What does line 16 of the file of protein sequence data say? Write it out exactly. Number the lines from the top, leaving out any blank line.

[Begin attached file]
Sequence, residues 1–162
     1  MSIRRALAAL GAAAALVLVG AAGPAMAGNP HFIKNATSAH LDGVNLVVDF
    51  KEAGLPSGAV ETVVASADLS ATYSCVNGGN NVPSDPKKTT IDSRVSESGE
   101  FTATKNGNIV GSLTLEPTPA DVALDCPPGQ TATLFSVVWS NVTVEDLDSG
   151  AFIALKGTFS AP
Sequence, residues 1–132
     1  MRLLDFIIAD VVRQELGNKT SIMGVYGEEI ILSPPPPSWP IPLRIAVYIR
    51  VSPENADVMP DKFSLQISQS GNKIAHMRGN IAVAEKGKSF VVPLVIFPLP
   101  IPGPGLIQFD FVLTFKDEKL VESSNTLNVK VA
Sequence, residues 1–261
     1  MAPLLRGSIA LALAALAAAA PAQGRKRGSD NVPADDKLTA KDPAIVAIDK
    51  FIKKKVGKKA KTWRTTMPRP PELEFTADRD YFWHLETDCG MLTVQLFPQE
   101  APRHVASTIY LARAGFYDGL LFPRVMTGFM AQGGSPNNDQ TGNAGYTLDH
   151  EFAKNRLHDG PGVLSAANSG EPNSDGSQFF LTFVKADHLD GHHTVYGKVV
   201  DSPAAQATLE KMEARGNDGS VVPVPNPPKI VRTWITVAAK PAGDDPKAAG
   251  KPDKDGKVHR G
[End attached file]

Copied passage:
   251  KPDKDGKVHR G